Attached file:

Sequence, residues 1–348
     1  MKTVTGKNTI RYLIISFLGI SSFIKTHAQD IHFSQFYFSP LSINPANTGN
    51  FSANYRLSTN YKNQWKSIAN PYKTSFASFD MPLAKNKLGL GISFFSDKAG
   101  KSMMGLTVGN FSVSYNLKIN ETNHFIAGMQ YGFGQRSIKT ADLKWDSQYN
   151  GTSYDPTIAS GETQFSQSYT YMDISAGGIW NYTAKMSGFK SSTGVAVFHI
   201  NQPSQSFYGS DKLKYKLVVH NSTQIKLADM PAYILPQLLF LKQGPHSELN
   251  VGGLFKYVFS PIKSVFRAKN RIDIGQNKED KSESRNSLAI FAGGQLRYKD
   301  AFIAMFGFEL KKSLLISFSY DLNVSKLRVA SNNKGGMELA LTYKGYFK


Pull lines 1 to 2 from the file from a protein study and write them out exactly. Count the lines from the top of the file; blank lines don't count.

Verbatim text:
Sequence, residues 1–348
     1  MKTVTGKNTI RYLIISFLGI SSFIKTHAQD IHFSQFYFSP LSINPANTGN